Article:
MIAMI For weeks, we have been told by both our ears and eyes that Jeff Green was a changed man.
The sometimes timid, unsure and mostly unpredictable -- but ridiculously talented -- swing man was no longer in the building.
It almost had the feel of a campaign spiel, hearing Green remind us all that he would assert himself on a nightly basis and deliver the kind of high impact play that anyone who has seen him play knows he's capable of delivering.
Then the Boston Celtics played a game that mattered on Tuesday night.
Unfortunately for Green and the C's, the new Jeff Green looked a lot like the old one in Boston's 120-107 loss at Miami in the season opener for both teams.
It's too soon to beat up Green too much. After all, it's just the first game and, for Green, it was his first game in more than a year.
Afterwards, Green talked about how the emotions of having had such a long layoff from the game played a role in his struggles early on against the Heat.
"I had to deal with it a lot the first couple of minutes," Green said. "Just the adrenaline kicked in, got tired quickly. That's not an excuse. I have to do a way better job."
That was the general sentiment heard from most of Green's teammates following the loss.
"We've got a lot of work to do," Paul Pierce said afterward. "We're going to continue to grow."
That includes Green, who is just 26 years old and, by NBA standards, still has a couple of years before his game should peak.
A big part of his growth is simply becoming more consistent, not just in terms of his play but also his demeanor.
Green is a likable guy, well-regarded by his teammates, fans and the media.
But good guys are trumped by great talent in this market.
And when you talk about Green, it is temperament -- not talent -- that has been the issue.
Simply put, he has to morph himself, and all those skills that he possesses, into a difference-maker in order for the Celtics to have the kind of season they envision.
Most nights, Green is a mismatch waiting to be exploited by the Celtics.
And part of the blame has to be placed on the C's, who from time to time, tend to go away from or ignore some of the many options that favor them.
But ultimately, Green's play comes back to his level of aggression.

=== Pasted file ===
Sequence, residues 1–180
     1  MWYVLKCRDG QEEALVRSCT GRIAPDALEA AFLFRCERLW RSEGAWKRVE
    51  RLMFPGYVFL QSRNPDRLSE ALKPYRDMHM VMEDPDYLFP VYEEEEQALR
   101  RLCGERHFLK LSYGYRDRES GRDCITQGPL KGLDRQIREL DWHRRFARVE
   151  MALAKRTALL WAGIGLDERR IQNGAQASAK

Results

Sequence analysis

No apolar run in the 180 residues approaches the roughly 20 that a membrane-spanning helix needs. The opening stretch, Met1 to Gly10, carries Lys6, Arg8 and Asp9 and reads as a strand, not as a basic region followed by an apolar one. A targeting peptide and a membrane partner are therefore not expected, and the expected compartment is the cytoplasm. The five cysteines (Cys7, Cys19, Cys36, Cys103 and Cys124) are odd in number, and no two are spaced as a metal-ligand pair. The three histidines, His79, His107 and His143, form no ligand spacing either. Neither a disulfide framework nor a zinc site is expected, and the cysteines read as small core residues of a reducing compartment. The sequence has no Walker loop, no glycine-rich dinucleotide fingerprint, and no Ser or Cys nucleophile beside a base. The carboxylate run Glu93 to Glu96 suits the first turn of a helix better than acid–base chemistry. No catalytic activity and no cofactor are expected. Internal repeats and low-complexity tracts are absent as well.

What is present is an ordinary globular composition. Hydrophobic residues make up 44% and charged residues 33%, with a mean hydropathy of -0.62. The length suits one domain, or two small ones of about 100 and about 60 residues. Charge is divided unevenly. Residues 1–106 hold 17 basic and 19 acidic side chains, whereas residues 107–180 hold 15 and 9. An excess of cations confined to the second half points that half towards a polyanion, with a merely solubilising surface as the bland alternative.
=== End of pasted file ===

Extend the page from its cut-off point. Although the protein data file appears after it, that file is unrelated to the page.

And fair or unfair, Tuesday's performance gave those who are still skeptical even more reason to doubt he'll be as big an X-factor as many believe.
But here's the thing.
Prior to him missing last season, one could legitimately question his toughness and temperament. It fluctuated in just about every part of his play.
But this Jeff Green is a different player than the one Boston acquired via trade from Oklahoma City.
The one blessing of his heart surgery is that it allowed him to sit back and see the game from a perspective that so few young NBA players ever get an opportunity to do.
Green saw first-hand how the best players in the league, at his position, played with an edge most nights and that edge was a big factor in their success.
It wasn't anything Green hadn't heard before.
But to see guys like Pierce and LeBron James and Kevin Durant and a host of elite wings go so hard so consistently -- and not have an opportunity to compete himself at the time -- has brought about a renewed focus to bring that kind of aggressive play to the floor.
True, it was nowhere to be found on Tuesday.
But that doesn't mean it's not in him.
He made a point during the preseason to dispel his critics with a bevy of dunks, highlight-worthy blocked shots and an overall game that actually made him stand out on a second unit that already includes a pair of Sixth Man of the Year (Leandro Barbosa and Jason Terry) award winners.
But dominating Emporio Armani isn't quite the same as dealing with elite teams in the NBA like the defending NBA champion Miami Heat.
The C's are doing the right thing in not putting too much stock into what truly was just one of 82 regular-season games.
Green will get his chance -- plenty of them, actually -- to make amends for his lackluster return to the floor on Tuesday.
Having gone through all that he has this past year, it's only a matter of time before the changes that we've heard about and seen glimpses of, will be in plain sight for all to see.